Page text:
The HDL receptor SR-BI is associated with human prostate cancer progression and plays a possible role in establishing androgen independence

David Schörghofer, Katharina Kinslechner, Andrea Preitschopf, Birgit Schütz, Clemens Röhrl, Markus Hengstschläger, Herbert Stangl, Mario Mikula

Research output: Contribution to journalArticlepeer-review

45 Citations (Scopus)

Abstract

Background: Human prostate cancer represents one of the most frequently diagnosed cancers in men worldwide. Currently, diagnostic methods are insufficient to identify patients at risk for aggressive prostate cancer, which is essential for early treatment. Recent data indicate that elevated cholesterol levels in the plasma are a prerequisite for the progression of prostate cancer. Here, we analyzed clinical prostate cancer samples for the expression of receptors involved in cellular cholesterol uptake. Methods: We screened mRNA microarray files of prostate cancer samples for alterations in the expression levels of cholesterol transporters. Furthermore, we performed immunohistochemistry analysis on human primary prostate cancer tissue sections derived from patients to investigate the correlation of SR-BI with clinicopathological parameters and the mTOR target pS6. Results: In contrast to LDLR, we identified SR-BI mRNA and protein expression to be induced in high Gleason grade primary prostate cancers. Histologic analysis of prostate biopsies revealed that 53.6% of all cancer samples and none of the non-cancer samples showed high SR-BI staining intensity. The disease-free survival time was reduced (P = 0.02) in patients expressing high intra-tumor levels of SR-BI. SR-BI mRNA correlated with HSD17B1 and HSD3B1 and SR-BI protein staining showed correlation with active ribosomal protein S6 (RS = 0.828, P < 0.00001). Conclusions: We identified SR-BI to indicate human prostate cancer formation, suggesting that increased levels of SR-BI may be involved in the generation of a castration-resistant phenotype.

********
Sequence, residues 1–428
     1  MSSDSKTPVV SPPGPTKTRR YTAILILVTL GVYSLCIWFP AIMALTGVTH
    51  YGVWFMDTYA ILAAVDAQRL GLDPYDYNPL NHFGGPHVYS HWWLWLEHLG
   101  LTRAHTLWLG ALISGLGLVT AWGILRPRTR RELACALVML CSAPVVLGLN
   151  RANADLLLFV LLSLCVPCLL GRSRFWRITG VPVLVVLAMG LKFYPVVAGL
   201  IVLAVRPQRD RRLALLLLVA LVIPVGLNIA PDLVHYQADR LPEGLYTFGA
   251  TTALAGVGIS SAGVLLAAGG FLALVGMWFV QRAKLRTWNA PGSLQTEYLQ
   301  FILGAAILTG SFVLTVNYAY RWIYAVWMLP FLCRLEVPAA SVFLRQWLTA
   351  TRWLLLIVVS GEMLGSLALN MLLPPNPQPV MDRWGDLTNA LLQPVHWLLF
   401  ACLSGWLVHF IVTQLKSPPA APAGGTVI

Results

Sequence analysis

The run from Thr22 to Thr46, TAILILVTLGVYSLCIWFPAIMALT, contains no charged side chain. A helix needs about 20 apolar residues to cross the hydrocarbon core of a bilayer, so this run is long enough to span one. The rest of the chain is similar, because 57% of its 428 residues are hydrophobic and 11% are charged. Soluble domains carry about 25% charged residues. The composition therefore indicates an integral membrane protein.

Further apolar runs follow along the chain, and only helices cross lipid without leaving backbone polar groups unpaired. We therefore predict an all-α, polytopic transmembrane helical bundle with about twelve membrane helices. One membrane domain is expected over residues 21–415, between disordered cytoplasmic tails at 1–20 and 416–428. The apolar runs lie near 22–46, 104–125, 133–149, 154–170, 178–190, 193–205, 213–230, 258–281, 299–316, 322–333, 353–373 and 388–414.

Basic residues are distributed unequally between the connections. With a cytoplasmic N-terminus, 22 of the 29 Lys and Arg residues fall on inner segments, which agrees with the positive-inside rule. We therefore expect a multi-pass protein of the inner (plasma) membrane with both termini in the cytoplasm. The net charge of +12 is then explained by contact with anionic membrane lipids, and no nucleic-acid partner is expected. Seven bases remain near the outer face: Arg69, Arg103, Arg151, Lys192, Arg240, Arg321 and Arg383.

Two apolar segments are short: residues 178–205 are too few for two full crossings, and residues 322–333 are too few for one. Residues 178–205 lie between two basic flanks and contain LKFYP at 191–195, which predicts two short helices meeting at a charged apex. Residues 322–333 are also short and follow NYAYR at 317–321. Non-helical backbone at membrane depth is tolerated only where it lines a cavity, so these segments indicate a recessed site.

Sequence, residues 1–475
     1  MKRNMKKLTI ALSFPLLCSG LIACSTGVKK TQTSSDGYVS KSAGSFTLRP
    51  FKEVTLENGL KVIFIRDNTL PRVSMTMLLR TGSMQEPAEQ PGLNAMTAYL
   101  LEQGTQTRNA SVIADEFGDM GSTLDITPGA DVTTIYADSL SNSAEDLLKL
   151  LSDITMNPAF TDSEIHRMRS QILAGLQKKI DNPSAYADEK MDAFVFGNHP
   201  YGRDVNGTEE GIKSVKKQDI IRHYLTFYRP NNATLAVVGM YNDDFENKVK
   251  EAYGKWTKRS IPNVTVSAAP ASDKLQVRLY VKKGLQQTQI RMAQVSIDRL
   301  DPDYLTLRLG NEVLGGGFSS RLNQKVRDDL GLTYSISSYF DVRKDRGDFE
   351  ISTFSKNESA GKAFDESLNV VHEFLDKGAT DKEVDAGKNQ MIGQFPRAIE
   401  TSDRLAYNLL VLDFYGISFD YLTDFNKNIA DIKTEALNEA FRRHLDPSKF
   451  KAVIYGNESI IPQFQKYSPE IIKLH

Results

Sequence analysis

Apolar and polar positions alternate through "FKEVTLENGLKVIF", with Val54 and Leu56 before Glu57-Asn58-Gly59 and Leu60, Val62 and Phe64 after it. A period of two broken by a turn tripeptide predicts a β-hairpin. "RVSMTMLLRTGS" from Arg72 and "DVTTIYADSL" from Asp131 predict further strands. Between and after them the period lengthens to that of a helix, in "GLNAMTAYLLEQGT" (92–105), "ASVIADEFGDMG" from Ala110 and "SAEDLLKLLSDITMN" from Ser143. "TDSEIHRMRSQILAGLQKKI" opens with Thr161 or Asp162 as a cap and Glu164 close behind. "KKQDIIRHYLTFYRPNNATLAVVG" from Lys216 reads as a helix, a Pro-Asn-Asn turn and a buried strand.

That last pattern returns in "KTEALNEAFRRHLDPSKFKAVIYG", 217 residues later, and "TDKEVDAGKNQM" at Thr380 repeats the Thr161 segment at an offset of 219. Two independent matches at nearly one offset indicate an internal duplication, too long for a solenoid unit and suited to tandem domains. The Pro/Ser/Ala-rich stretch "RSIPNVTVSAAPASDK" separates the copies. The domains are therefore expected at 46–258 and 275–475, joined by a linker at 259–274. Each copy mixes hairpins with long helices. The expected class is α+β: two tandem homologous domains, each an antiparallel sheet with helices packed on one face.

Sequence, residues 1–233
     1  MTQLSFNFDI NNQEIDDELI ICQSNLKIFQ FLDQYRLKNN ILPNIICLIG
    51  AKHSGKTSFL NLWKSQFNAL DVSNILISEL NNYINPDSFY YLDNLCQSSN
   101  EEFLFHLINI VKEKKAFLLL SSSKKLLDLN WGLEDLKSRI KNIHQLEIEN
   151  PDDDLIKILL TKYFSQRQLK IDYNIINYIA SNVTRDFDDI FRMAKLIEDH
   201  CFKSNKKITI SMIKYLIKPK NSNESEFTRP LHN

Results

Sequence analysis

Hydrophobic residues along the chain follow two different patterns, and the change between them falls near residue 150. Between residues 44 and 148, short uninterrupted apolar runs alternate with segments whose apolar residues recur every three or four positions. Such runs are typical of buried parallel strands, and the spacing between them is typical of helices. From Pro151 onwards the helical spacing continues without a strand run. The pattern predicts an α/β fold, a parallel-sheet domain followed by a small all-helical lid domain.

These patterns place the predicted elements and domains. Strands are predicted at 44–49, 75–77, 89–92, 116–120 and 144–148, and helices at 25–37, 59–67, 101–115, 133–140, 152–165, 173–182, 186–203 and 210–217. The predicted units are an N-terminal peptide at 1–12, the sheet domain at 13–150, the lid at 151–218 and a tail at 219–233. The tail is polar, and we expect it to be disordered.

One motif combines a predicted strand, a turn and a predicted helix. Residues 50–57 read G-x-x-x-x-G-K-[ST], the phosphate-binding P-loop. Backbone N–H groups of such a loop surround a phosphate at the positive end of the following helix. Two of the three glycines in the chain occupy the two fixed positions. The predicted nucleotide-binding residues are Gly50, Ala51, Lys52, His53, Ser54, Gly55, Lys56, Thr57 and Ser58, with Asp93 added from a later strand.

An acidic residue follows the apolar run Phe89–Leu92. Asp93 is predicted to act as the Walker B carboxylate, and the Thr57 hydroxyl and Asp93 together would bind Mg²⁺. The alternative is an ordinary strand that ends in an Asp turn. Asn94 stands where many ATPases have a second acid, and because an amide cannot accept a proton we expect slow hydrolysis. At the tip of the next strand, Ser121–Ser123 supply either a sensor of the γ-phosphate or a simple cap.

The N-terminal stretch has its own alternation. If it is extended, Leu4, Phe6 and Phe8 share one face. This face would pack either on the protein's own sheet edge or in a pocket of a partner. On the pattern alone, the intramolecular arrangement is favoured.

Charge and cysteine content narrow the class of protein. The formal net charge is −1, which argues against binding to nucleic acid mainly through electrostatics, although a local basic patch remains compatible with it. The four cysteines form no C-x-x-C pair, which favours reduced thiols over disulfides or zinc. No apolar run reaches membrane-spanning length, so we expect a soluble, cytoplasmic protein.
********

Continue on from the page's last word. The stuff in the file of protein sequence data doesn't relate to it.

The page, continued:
Original languageEnglish
Article number88
Pages (from-to)88
JournalReproductive Biology and Endocrinology
Volume13
Issue number1
DOIs
Publication statusPublished - 7 Aug 2015
Externally publishedYes

Keywords

  • Androgen synthesis
  • Cholesterol
  • LDLR
  • mTOR
  • SCARB1
  • CD36 Antigens/genetics
  • Prostatic Neoplasms/genetics
  • Humans
  • Male
  • Prostate/metabolism
  • Disease Progression
  • Disease-Free Survival
  • Neoplasm Grading
  • Adenocarcinoma/genetics

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